Kotz said that all tampons, which are class II (or intermediate risk) devices, must receive clearance from the agency to be sold in the United States.
As part of the clearance process, Kotz said, tampon manufacturers are urged to provide the FDA with “a list of component materials (such as chemicals, additives, finishing agents used) and a risk analysis concerning vaginal injury, tissue reactions and infections.
“Manufacturers are also advised to conduct microbiology testing to demonstrate that the tampon does not enhance the growth of certain bacteria or other organisms, including the bacteria known to cause toxic shock syndrome, and demonstrate that tampons meet their claimed absorbency level.”
Vice reported in 2015 that Wasser’s family filed a lawsuit against the Kimberly-Clark Corp., which manufacturers and distributes Kotex tampons in the United States; the suit also named the grocery stores where Wasser used to buy the products. They were “negligently, wantonly, recklessly, tortuously, and unlawfully responsible in some manner,” the suit argued.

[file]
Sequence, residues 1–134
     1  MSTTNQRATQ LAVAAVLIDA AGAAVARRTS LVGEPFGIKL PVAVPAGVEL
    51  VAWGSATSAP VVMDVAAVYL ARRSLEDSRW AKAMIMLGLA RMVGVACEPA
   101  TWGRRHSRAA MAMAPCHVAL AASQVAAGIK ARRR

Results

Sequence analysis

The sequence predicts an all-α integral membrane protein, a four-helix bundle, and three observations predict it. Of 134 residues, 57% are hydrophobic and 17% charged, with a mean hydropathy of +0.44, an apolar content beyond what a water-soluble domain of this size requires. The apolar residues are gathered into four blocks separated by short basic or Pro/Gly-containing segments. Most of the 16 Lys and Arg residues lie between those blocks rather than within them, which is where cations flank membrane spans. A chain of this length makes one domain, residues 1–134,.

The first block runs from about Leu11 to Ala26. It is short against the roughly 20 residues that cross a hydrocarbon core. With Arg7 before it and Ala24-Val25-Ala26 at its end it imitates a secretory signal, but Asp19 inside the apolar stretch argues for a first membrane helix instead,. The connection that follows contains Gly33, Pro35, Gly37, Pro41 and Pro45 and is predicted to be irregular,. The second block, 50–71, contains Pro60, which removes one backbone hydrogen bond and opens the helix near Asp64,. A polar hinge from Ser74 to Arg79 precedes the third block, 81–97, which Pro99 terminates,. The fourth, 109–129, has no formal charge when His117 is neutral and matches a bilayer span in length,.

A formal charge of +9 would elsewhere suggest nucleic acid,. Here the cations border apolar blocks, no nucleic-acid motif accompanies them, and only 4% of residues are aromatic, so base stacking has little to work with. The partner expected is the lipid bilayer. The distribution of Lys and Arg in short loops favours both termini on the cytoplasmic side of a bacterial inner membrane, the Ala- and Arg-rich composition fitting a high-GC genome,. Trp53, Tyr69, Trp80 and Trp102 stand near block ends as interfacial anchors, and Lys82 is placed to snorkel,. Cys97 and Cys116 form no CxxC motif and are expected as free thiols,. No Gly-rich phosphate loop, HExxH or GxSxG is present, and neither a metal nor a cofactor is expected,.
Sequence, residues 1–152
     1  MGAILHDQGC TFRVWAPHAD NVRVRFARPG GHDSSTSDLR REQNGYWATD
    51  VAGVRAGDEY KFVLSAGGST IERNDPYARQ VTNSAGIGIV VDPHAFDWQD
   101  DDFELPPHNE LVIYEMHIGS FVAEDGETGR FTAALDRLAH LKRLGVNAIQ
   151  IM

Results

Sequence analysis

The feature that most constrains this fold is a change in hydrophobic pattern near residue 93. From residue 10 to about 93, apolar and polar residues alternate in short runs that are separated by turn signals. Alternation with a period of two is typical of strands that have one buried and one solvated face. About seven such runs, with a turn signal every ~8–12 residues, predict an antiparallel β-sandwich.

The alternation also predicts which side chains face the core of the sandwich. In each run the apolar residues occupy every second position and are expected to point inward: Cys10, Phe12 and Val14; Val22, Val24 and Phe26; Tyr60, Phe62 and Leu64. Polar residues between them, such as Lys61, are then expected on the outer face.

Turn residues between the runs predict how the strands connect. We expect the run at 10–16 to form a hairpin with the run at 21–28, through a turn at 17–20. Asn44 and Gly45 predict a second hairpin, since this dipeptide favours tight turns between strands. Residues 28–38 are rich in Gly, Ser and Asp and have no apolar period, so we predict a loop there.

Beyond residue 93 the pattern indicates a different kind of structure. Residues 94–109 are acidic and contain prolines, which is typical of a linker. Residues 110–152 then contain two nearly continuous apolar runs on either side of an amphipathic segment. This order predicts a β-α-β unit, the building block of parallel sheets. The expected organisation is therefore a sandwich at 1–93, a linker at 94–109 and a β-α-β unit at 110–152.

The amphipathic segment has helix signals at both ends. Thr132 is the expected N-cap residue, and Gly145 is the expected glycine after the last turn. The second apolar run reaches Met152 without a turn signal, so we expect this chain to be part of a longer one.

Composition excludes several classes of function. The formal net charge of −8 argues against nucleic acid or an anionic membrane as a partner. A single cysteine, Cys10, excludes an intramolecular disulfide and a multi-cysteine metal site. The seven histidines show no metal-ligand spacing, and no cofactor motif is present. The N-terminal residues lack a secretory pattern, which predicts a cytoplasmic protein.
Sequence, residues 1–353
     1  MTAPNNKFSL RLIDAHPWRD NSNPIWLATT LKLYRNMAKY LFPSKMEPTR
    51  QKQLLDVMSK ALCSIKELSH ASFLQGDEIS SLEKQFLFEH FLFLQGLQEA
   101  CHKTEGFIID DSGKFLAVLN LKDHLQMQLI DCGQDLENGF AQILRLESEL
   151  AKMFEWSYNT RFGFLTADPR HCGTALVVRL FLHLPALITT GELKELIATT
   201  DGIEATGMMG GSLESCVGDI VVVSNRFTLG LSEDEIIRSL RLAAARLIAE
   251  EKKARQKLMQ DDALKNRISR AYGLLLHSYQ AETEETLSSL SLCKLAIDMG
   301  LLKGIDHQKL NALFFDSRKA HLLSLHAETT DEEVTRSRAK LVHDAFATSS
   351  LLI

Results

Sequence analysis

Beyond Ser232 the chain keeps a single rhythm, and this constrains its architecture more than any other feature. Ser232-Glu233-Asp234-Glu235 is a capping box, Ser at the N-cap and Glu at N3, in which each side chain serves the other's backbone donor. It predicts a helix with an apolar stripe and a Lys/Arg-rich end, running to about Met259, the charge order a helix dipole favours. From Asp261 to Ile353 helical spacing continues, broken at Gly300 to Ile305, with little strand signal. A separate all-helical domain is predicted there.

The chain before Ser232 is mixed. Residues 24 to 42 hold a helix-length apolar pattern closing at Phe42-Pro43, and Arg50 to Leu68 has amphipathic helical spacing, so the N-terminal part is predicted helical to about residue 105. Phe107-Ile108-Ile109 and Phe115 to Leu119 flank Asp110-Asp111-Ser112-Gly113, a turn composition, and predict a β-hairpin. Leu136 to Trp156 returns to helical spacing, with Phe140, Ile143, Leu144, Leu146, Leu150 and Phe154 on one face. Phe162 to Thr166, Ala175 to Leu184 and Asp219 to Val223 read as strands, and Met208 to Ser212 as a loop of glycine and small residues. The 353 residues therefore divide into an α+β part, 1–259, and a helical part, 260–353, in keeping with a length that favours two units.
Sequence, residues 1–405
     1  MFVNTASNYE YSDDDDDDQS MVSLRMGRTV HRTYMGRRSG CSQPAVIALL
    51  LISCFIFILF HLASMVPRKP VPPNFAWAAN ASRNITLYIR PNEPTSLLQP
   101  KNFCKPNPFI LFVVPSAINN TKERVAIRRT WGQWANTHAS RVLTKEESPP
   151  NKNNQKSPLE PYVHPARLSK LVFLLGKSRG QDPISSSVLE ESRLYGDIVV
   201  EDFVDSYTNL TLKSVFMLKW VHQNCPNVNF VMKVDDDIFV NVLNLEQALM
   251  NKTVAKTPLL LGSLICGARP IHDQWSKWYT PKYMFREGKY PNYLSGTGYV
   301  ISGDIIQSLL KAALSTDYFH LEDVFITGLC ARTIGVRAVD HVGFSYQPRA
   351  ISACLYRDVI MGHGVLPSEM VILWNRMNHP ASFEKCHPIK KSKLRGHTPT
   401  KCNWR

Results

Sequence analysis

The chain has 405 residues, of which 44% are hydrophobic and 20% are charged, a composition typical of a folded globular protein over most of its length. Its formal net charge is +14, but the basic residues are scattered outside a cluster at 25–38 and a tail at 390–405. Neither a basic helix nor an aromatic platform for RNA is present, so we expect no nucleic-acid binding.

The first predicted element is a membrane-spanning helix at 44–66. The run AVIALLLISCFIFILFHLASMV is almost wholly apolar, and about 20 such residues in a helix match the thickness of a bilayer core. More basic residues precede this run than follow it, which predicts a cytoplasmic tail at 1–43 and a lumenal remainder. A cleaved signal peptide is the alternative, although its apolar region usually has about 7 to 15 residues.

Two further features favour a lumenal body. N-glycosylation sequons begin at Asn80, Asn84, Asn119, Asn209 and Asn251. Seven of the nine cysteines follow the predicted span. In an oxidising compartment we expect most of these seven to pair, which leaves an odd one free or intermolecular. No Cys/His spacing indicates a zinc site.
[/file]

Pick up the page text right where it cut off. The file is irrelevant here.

When asked about the lawsuit this week, Wasser said she couldn’t comment. Kimberly-Clark said only that “the matter has been resolved.”
Wasser, 29, shared her story in 2015 with Vice, and retold it in a recent op-ed for InStyle.
“My name is Lauren Wasser,” she started, “and the life-changing journey I’m about to share will uncover the truth behind why I lost my right leg and the toes of my left foot – and why a tampon was the cause of it all.”
Wasser, from Los Angeles, does not remember much about the moments after she fell ill that Wednesday in October 2012 – she does not remember her fever reaching 107 degrees, or the massive heart attack she suffered, or the days she spent in a medically induced coma after the police called to check on her found Wasser on her bedroom floor, facedown.
She does not remember being rushed to an emergency room still wearing the last tampon that she would ever put in, or testing positive for signs of toxic shock syndrome.
She does not remember being placed on life support, either.
But, Wasser said, she does remember the agony she felt before and for a long time after she lost her leg due to complications from her illness.